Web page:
World Day Against Child Labour observed : Civil society concerned over absence of social security mechanisms

LAHORE: Civil society organisations (CSOs) have expressed concern over absence of effective social security mechanisms for millions of workers, which has resulted increase of child labour as World Day Against Child Labour was observed on Thursday to highlight the plight of children working under harsh conditions.
Representatives of different CSOs from the platform of Child Rights Movement held a press conference at the Lahore Press Club on Thursday. They said that theme for the yearly day in 2013 was ‘No Child Labour in Domestic Work’ but that the Punjab government did not pay attention to prohibit domestic labour despite over 25 deaths of child domestic workers have been reported.
Child rights activist Iftikhar Mubarik urged the provincial government to include the child domestic labour in the schedule of banned occupations under the Children’s Employment (Amendment) Act, 2011. The prohibition of child domestic labour was also not being addresses comprehensively through the proposed draft of the Punjab Prohibition of Employment of Children Bill, 2013, introduced by the Labour and Human Resource Department. Mubarik requested that the chief minister and labour minister to look into the matter personally.
He said that it was a responsibility of the Punjab government to expand the purview of right to free and compulsory education under Article 25-A of the constitution to child domestic labourers.
He said that it was also a responsibility of the provincial government to come up with the Child Protection Policy without any further delay to set milestones to ensure the protection of children from all kinds of abuses and exploitations. 
He further stated that the government might initiate comprehensive social protection schemes and programmes for social and economic empowerment of parents and adults, including the income generation programme for women at the grassroots. This might contribute towards less entry of children to workforce before completion of minimum schooling.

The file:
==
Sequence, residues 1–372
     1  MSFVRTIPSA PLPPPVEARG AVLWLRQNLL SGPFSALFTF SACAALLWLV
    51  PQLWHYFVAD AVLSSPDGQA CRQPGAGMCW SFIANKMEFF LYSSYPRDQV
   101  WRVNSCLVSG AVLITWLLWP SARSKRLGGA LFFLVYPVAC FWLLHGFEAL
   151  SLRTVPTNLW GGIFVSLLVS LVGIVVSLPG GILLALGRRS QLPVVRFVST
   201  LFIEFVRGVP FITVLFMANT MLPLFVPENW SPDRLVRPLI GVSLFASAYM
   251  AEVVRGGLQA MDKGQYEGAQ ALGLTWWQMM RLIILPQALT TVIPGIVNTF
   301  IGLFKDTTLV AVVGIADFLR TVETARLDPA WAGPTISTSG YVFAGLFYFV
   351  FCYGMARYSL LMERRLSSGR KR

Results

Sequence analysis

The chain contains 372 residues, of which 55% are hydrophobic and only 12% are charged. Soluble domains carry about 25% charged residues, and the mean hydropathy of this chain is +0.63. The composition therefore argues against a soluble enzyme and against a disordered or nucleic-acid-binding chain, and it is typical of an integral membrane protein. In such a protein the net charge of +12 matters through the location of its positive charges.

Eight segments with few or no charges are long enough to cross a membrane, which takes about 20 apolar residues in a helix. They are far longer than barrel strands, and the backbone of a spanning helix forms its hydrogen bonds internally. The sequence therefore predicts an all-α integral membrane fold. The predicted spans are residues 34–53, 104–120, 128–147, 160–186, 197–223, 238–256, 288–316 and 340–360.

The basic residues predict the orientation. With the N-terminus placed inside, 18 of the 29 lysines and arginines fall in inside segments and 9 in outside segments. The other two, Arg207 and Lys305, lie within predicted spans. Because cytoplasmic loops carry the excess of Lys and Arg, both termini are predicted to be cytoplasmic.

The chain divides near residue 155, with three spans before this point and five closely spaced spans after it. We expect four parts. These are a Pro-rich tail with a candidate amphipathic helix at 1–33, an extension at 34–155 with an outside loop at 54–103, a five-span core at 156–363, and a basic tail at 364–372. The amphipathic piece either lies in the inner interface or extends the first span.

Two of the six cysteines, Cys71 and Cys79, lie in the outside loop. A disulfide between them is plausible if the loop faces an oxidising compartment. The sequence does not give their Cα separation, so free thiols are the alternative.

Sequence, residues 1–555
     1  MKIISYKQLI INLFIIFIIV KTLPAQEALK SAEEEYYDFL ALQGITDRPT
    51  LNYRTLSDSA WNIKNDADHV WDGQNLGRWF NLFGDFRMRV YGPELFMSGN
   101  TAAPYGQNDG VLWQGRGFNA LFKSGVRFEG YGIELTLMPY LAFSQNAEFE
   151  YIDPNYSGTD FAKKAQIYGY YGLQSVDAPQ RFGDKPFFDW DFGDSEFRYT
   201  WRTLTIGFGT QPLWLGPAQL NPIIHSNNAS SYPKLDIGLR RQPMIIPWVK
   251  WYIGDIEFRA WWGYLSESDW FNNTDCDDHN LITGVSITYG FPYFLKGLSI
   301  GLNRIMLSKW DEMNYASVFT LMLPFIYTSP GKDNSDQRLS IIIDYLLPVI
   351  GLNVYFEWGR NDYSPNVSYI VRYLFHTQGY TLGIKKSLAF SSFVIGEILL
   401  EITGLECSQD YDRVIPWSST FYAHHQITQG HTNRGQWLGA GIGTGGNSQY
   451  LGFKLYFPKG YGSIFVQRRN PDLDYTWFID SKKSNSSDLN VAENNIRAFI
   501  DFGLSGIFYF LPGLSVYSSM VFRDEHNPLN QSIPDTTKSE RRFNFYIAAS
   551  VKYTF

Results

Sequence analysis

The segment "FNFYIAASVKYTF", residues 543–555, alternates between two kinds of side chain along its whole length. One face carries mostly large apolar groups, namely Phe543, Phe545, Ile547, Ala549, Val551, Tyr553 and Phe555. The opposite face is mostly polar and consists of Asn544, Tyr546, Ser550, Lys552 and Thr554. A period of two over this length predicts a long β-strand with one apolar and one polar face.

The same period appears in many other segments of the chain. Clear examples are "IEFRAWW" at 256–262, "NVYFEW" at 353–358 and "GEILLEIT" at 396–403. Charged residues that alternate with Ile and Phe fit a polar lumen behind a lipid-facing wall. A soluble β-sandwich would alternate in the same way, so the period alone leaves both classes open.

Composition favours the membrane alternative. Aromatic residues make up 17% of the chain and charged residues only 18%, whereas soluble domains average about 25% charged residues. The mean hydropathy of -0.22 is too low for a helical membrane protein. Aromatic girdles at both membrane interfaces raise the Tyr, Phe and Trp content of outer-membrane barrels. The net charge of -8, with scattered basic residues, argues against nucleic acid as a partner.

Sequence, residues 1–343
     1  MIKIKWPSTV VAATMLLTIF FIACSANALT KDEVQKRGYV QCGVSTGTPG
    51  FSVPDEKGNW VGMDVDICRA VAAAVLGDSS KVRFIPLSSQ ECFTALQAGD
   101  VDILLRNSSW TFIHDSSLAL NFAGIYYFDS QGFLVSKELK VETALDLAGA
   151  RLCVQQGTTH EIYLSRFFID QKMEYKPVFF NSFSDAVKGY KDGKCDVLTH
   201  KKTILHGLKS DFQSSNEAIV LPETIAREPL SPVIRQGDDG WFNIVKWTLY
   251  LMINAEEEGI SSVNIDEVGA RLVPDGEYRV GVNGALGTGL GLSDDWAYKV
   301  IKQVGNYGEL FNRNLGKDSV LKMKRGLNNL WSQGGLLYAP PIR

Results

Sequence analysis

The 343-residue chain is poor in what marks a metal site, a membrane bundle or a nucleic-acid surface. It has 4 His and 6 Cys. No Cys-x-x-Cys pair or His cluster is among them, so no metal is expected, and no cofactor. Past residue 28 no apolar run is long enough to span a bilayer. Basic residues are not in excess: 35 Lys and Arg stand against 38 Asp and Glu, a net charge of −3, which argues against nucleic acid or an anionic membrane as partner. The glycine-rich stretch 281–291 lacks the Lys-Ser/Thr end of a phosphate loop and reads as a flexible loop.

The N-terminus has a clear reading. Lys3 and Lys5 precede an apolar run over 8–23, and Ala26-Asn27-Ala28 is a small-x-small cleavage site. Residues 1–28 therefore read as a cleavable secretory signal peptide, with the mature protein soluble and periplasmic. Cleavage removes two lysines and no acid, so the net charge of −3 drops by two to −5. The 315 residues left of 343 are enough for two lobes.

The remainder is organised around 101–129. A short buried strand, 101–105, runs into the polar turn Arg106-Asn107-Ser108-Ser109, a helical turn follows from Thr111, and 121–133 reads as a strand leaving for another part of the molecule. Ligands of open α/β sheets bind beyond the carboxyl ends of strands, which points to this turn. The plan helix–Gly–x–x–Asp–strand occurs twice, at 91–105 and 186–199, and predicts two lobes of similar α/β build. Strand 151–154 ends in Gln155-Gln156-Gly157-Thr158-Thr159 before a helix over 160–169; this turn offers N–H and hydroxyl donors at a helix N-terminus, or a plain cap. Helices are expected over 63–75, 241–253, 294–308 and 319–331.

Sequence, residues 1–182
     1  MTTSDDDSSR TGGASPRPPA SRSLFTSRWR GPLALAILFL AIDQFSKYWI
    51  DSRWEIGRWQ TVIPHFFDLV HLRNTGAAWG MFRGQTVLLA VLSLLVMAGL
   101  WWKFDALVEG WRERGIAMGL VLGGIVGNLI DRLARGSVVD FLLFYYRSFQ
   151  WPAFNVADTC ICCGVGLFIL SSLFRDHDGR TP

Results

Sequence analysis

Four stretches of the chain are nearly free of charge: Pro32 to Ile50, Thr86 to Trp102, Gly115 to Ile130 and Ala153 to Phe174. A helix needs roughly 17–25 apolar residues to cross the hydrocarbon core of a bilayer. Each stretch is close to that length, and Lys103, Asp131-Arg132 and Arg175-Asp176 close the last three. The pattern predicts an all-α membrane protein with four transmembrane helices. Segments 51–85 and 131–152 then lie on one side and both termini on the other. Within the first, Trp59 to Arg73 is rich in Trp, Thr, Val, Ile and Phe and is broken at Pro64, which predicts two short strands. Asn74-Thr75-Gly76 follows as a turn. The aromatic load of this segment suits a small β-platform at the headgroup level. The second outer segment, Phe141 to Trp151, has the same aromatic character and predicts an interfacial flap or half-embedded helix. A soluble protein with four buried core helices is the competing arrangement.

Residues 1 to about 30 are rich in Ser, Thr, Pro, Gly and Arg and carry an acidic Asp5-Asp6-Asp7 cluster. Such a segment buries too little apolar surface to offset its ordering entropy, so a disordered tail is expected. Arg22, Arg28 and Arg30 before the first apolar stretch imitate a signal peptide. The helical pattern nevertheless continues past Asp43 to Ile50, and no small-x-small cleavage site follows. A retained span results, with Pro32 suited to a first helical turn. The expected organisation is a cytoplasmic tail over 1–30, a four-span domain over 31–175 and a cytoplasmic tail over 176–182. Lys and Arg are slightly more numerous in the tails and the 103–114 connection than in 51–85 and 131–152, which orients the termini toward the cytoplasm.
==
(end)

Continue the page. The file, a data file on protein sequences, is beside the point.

Nazir Ahmad Ghazi said that as per this year’s theme, social protection was a right, which give sound economic social sense to every individual.
Through social protection system, he said, children could access to fundamental rights such as education, healthcare and nutrition. 
SPO Punjab Chief Salman Ahmad said that 90 percent of the over 72 million labourers/workers in Punjab did not enjoy social security protection while the remaining 10 percent were victims of poor social security coverage. 
He said that extremely poor social security coverage for informal sector workers had made insecure and vulnerable workers and their families, mainly children, who have pushed to work in order to contribute to survival of their families. HomeNet Pakistan Executive Director Ume Laila Azhar said that according to the National Child Labour Survey, 2013, approximately 3.3 million children below 14 years of age – 73 percent of them are boys and 27 percent girls – were working as labourers in Pakistan. Because of this evident lack of political will, the Child Rights Movement demands a ban on child domestic labour below 18 years of age and an end to violent treatment and killings of domestic workers by employers, she added. 
South Asia Partnership Pakistan’s Irfan Mufti said that social protection not merely provides cushion to poor families to sustain economic socks, such as loss of lives, employment, injury or disability but also contribute to national economy by maintaining support to families. In addition, he said, it indirectly promotes solidarity and social harmony on the workplace and contributes to overall productivity.

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